Austin Opera's Everest
The production took audiences to the summit with powerhouse elements that made this opera grand
Reviewed by Trey Gutierrez, Fri., Jan. 31, 2020
Opera, I've come to find, is defined by its ability to usher audiences through powerful, universal emotions. In return, the medium simply asks us to empathize – to feel. When done correctly, we need only sit back and let a production's elements take us on a journey. If this was in fact Austin Opera's goal, I'd say it reached the top with Everest.
The company's latest production recounted the 1996 Everest tragedy, wherein an unexpected blizzard claimed the lives of eight climbers. A tale of loss and perseverance, Everest hits all the emotional beats you'd expect – and goes a step further.
Here's a show marked by its visceral effect on audiences. According to composer Joby Talbot, during the show's original Dallas run, one audience member – ostensibly feeling trapped on the mountain – began screaming. Similarly, here in Austin, as our heroes struggled for oxygen, so too did my plus-one, who began frantically reaching for their inhaler 10 minutes in. An overreaction, some may think, unless they too had experienced this impactful showing.
Onstage, our neon-clad leads weren't so much valiantly conquering the mountain as becoming hopelessly trapped by it. They were bombarded by the music of the upstage orchestra and a black-clad chorus – representing souls previously lost to the mountain – moaning and chanting.
From Talbot's leviathan of a score, conductor Joseph Mechavich teased the unsettling groans of bass drums, summoned blaring brass, and even employed multiple vibrating gongs, all to suggest natural phenomena (e.g., ice cracking). Contextualizing Talbot's composition was librettist Gene Scheer, whose tireless research of the event (including hours of interviews with survivors) manifests in a world where time means everything and nothing. On Everest, being minutes off-schedule can mean death. As the chorus recounted time passing – first slowly, then quickly – it felt like an hour had slipped away in the real-life space of two minutes.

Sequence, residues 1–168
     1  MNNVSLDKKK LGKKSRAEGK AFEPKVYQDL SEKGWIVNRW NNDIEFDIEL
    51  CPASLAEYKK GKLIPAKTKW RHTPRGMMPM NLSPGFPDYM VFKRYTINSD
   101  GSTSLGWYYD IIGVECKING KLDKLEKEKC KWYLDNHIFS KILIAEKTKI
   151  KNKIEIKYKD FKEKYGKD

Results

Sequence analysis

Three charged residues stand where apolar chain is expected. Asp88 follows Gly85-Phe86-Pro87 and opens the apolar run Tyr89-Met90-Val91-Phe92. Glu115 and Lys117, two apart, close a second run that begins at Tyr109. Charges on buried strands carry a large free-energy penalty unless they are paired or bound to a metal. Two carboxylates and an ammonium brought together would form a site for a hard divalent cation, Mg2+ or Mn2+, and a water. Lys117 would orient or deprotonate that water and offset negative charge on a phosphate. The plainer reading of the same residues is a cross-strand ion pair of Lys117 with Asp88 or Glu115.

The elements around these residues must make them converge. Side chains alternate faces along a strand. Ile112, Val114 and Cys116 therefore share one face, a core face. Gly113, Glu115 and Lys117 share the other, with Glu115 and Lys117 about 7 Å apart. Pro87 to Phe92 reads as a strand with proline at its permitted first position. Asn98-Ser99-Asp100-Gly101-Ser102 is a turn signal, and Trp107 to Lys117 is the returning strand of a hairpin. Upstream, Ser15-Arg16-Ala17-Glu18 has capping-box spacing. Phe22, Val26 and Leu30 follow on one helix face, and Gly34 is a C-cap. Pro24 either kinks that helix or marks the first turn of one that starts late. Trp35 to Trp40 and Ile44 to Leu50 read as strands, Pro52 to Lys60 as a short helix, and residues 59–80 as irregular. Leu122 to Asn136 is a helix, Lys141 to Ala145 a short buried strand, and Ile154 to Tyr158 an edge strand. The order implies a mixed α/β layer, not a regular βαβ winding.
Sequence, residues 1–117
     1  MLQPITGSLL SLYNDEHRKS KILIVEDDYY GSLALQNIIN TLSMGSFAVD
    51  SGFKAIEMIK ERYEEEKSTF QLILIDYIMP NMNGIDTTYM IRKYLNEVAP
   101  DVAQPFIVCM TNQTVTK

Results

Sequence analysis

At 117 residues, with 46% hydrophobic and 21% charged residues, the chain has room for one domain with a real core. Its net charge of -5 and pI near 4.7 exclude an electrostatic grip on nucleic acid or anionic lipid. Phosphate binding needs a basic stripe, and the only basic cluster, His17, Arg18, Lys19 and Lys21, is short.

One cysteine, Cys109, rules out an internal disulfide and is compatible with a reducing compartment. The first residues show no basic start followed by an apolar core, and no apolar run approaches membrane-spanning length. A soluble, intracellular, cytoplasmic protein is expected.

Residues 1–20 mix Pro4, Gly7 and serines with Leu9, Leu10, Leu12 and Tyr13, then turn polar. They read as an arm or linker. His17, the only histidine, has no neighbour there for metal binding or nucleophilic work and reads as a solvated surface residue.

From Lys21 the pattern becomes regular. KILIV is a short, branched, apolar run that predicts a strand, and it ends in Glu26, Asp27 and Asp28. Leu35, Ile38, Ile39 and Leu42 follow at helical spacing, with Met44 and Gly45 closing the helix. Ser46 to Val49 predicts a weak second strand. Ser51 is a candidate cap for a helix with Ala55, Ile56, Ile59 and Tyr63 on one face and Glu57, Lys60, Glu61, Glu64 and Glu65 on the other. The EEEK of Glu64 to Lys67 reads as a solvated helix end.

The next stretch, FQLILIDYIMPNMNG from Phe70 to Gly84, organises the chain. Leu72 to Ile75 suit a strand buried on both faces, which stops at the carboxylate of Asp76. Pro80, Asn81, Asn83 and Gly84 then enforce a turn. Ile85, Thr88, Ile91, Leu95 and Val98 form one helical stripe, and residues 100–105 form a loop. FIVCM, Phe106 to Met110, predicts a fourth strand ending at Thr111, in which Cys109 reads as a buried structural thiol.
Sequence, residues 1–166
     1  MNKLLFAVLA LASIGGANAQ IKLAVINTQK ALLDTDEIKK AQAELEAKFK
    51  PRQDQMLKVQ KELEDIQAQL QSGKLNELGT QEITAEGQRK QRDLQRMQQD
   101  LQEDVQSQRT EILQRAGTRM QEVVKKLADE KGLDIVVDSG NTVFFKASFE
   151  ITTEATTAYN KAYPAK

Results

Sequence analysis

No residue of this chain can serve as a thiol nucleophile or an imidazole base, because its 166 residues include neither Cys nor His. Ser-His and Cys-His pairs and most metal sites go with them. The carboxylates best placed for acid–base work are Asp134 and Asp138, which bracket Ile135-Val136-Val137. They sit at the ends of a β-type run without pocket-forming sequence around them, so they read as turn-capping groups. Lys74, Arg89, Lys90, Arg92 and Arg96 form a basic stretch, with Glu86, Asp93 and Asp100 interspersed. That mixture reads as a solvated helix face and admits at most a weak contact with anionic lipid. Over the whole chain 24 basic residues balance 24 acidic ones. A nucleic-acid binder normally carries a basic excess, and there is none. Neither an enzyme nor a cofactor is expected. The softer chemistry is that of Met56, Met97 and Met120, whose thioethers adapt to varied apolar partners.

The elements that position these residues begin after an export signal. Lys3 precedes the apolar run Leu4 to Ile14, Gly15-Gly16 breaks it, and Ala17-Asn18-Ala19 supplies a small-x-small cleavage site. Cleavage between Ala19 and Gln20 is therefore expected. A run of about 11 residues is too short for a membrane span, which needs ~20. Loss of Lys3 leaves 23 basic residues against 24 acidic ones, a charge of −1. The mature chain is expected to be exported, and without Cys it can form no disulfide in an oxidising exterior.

Binding these elements together were powerhouse lead performances. As ill-fated expedition leader Rob Hall, Andrew Bidlack's bright tenor carried the burden of his fatal decisions, singing apologies directly to client climber Doug Hansen (baritone Craig Verm) and, heartbreakingly, over the radio to his pregnant wife, Jan Arnold (soprano Heather Johnson). On the other side of the stage, bass-baritone Kevin Burdette captured the big-as-Texas personality of survivor Dr. Beck Weathers as the Dallas pathologist exerted the herculean effort necessary to save himself after being left alone far from base camp.
The juxtaposition of these characters' humanity against an unstoppable force made this opera grand, even with director Leonard Foglia's minimal staging (the singers performed on stacked black boxes). Perhaps the greatest technical feat was Elaine J. McCarthy's awe-inspiring projections, which displayed hi-res images of Everest (plus maps and diagrams) on the backdrop. Though past productions of Everest have employed grander sets, they didn't feel necessary here. Foglia captured the spirit of Everest in a way that was terrifying without indulging in "tragedy porn."
I understand why certain audience members had visceral, physical reactions. For me, however, the hopelessness of our protagonists' situations filled me with a certain peace. I never gasped for breath or felt (overly) uncomfortable. Instead, I surrendered to the experience.
Ultimately, Everest offered audiences the two choices it afforded the adventurers that fateful day: panic and resist, or accept a warm, slow death (which, Scheer reminded us, is as "simple as falling asleep"). Perhaps having the latter reaction means I shouldn't attempt to scale the mountain myself. Fair enough, since I don't feel I have to. Austin Opera has already taken me there – and it was a hell of a trip.
EverestDell Hall at the Long Center, 701 W. Riverside